Impact of non-tuberculous mycobacteria on pulmonary function decline in chronic obstructive pulmonary disease
Design: From 2000 to 2008, spirometry-confirmed COPD patients with sputum specimens sent for mycobacterial cultures were included. Analysis of clinical, microbiological and pulmonary function data was performed.
Results: The 251 patients were divided into three groups according to the number of NTM isolates: multiple (n = 47), single (n = 63), and no (n = 141) isolates. Mycobacterium avium complex was the most common species in multiple isolates (36.2%) and single isolate (28.6%) groups. Overall, 24.7% of COPD patients had been admitted for exacerbations at least once a year, and patients with multiple and single NTM isolates were more than twice as likely as those with no isolate to experience such exacerbations (38.3% vs. 31.7% vs. 17.0%). After controlling for confounders, patients with multiple NTM isolates had a greater decline in forced expiratory volume in one second than those with single or no isolates (−79.4 ± 32.8 ml vs. −61.6 ± 31.9 ml and −56.2 ± 31.5 ml).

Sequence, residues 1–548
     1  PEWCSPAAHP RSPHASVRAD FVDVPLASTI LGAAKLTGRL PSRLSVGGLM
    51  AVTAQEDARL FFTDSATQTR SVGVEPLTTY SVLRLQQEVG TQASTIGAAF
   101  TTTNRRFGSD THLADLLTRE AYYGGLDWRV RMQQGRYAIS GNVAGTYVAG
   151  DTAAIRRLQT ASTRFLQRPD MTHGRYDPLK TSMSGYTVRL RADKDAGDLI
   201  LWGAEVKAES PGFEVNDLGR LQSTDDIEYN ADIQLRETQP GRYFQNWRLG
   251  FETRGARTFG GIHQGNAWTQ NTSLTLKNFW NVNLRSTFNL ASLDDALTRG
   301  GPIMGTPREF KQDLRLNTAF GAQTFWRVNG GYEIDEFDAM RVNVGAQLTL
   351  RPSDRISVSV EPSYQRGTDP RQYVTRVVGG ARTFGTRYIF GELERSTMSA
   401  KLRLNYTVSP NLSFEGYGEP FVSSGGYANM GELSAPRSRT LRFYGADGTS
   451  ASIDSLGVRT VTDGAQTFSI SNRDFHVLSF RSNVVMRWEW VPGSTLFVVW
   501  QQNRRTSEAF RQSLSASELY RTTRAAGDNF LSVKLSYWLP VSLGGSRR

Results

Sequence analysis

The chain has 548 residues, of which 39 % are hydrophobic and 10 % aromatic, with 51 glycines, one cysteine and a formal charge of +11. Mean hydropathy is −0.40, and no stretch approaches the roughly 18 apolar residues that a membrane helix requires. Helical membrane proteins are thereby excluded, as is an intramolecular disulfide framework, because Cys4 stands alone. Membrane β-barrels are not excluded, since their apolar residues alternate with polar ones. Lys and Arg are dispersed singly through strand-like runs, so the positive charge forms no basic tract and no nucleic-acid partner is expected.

Conclusion: This study suggests that NTM may play a role in disease progression and deterioration of pulmonary function in COPD patients.
Document Type: Research Article
Affiliations: 1: Department of Internal Medicine, and Department of Traumatology, National Taiwan University Hospital, Taipei, Taiwan 2: School of Medicine, College of Medicine, Fu-Jen Catholic University, Taipei, Taiwan 3: Department of Internal Medicine, National Taiwan University Hospital, Taipei, Taiwan 4: Department of Laboratory Medicine, National Taiwan University Hospital, Taipei, Taiwan
Publication date: April 1, 2012
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